Initial plans are to create a welcoming entrance to the three-building complex on the east side facing Ashton Avenue and the vacant lot that was once the Widen Tannery.
I get called a crazy carpet bagging elitist every time I say it, but people actually want to move to this region. If we do things right, many will land in North Adams. As long as projects like these are available to a middle-class clientèle, they will help the city.
In other real estate news, another church is up for sale (scroll down on Steepleview Realty's listings page): This makes a total of three unused landmark North Adams churches within a few hundred yards of each other that are now potentially going to be torn down. Other than everyone's favorite answer, "housing", what else can these spaces be used for other than wrecking ball fodder?
I am personally voting for the Mass MoCA Children's Museum to be housed in one of them.
¶ 10:57 PM4 comments
Tuesday, March 23, 2010
City Council on TV
Watching tonight's City Council meeting, in particular the discussions regarding the city's underfunding of the health insurance trust fund, I am struck by that only a couple of councilors seem to even grasp what the controversy is. Oy.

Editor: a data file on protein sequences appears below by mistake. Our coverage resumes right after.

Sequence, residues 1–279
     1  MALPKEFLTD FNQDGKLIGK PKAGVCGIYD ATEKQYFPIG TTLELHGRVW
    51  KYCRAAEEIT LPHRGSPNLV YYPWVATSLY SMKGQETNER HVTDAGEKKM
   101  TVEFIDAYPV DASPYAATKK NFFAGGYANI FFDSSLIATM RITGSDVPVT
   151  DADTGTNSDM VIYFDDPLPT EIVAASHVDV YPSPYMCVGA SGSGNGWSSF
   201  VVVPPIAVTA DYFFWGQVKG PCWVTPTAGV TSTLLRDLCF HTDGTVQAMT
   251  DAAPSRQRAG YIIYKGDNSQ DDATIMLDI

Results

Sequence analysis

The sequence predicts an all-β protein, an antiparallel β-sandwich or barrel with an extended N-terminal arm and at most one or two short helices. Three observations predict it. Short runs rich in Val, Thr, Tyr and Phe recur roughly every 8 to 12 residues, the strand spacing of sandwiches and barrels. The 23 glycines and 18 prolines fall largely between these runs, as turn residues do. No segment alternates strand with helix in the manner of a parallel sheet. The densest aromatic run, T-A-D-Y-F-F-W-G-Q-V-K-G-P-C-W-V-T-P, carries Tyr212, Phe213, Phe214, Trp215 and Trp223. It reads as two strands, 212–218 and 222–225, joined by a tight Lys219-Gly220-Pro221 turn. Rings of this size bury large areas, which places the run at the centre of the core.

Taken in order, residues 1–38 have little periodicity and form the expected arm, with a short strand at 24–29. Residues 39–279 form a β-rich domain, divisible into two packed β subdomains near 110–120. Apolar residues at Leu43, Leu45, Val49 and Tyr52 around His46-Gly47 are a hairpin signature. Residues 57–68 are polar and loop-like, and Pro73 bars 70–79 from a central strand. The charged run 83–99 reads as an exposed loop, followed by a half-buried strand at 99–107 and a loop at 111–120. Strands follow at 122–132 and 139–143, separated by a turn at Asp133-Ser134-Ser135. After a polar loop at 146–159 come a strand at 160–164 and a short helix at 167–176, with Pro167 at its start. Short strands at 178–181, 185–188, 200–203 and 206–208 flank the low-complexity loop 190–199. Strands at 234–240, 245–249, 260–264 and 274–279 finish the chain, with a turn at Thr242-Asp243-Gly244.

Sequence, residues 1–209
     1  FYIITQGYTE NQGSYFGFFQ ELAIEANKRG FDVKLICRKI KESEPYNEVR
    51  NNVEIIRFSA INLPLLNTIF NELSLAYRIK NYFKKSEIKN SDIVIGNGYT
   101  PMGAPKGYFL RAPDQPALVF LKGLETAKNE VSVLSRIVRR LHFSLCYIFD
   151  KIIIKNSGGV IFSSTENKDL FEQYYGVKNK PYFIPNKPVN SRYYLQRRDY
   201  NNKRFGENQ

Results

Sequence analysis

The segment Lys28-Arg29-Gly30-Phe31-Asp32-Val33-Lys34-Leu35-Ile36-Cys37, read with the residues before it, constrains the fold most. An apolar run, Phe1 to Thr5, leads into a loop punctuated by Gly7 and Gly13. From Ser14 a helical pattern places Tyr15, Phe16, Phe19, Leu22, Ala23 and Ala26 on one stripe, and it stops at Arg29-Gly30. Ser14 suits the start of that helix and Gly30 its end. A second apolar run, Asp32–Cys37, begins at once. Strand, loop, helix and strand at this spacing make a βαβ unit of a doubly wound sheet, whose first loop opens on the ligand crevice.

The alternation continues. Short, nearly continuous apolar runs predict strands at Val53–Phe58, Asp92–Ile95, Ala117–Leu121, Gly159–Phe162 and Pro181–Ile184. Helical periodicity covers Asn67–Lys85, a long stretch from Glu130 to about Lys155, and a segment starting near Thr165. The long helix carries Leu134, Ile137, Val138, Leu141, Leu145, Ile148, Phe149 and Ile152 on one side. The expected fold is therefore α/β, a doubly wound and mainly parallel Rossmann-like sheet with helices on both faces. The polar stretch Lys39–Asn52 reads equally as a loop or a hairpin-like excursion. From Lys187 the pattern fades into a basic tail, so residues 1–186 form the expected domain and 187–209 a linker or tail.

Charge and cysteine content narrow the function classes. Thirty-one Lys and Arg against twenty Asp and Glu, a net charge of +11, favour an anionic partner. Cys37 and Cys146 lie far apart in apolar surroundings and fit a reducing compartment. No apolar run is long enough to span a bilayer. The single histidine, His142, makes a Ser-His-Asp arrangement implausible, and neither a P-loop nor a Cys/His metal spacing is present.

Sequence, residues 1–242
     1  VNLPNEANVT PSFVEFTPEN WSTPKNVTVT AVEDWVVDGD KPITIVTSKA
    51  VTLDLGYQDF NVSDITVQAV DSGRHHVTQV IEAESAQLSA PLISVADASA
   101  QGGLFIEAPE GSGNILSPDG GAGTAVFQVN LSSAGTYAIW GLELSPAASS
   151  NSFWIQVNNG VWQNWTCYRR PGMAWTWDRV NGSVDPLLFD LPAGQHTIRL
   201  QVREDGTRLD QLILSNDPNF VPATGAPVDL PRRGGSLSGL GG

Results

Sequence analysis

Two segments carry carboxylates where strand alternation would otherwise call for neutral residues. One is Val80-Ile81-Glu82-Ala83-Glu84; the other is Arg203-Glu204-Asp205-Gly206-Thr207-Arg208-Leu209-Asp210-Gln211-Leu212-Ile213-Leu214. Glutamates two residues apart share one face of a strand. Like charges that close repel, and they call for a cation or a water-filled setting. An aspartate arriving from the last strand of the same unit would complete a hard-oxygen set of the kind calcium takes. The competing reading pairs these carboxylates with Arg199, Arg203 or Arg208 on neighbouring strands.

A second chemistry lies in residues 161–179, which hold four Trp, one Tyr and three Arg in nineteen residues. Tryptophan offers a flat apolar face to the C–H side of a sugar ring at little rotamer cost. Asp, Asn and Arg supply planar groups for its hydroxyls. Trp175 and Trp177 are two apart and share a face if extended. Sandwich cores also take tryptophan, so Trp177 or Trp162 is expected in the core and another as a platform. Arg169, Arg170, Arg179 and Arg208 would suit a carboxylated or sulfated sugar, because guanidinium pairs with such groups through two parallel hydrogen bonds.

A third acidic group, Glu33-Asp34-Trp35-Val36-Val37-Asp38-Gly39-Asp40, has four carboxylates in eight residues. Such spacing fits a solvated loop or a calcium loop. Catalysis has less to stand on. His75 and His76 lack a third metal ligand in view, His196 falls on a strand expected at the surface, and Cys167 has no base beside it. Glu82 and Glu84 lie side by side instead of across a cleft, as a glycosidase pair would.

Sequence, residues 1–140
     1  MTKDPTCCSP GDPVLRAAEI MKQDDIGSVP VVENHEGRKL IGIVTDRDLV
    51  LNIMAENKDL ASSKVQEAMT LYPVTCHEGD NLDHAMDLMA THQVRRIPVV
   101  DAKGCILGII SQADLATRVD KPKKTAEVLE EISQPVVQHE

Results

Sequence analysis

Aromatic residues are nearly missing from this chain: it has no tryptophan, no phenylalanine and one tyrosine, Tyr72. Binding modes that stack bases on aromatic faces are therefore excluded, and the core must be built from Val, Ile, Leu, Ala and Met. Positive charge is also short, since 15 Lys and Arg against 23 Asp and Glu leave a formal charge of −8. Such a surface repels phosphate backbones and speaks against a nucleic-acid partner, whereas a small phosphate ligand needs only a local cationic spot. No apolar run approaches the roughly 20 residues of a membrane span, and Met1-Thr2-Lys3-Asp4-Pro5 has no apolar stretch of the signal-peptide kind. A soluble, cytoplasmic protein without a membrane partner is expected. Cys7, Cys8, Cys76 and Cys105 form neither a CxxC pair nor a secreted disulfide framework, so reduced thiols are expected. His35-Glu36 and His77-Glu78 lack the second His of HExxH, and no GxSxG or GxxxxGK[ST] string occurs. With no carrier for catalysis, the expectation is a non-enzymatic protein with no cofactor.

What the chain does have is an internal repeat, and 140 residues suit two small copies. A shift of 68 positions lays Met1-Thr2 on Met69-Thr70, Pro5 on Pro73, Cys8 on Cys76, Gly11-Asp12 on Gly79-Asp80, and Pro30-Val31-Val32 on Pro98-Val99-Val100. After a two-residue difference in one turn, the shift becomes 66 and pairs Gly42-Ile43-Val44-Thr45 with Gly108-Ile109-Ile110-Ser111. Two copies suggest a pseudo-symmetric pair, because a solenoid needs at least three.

Of the ones who I listened to, only Blackmer, Bloom, Bond and Marden seemed to get that the issue is one of law regarding how to fund the trust. I especially appreciated Bloom's comment and Mayor Alcombright's agreement that the city's auditor, Marlow, should have known about the law that spells out how to fund the trust.
The fact that the law requires the fund to be funded based upon premiums (aka "working rate") is set up that way to avoid two issues; the obvious is 1) gross underfunding that puts the city at risk when the claims come due, and 2) to avoid the misuse of health insurance funds being used for expenses other than healthcare.
It really bothers me that people are still defending or rationalizing John Barrett's accounting methods.
¶ 9:04 PM0 comments
Sunday, March 21, 2010
America does not come to an end tomorrow
When I go to work tomorrow, a little before 5 am, I will glance at the headlines. I expect to see that the first major national social legislation of my 41 years will have passed the House.
According to some people, guaranteeing affordable access to healthcare for almost everyone means we are no longer the "the land of the free." Some folks are even threatening civil war.
North Adams Insurance Trust Fund Recap
About a year and a half ago, the North Adams Teacher's Association became suspicious that the city was underpaying its share of the premiums for health insurance. Yesterday it was independently confirmed that their accusations were 100% true. The city did not pay its share, and in doing so, grossly underfunded the Health Insurance Trust Fund to the tune of $1.1 million over just the past two years. When other years, including the current one are examined, it is expected that the number will grow dramatically.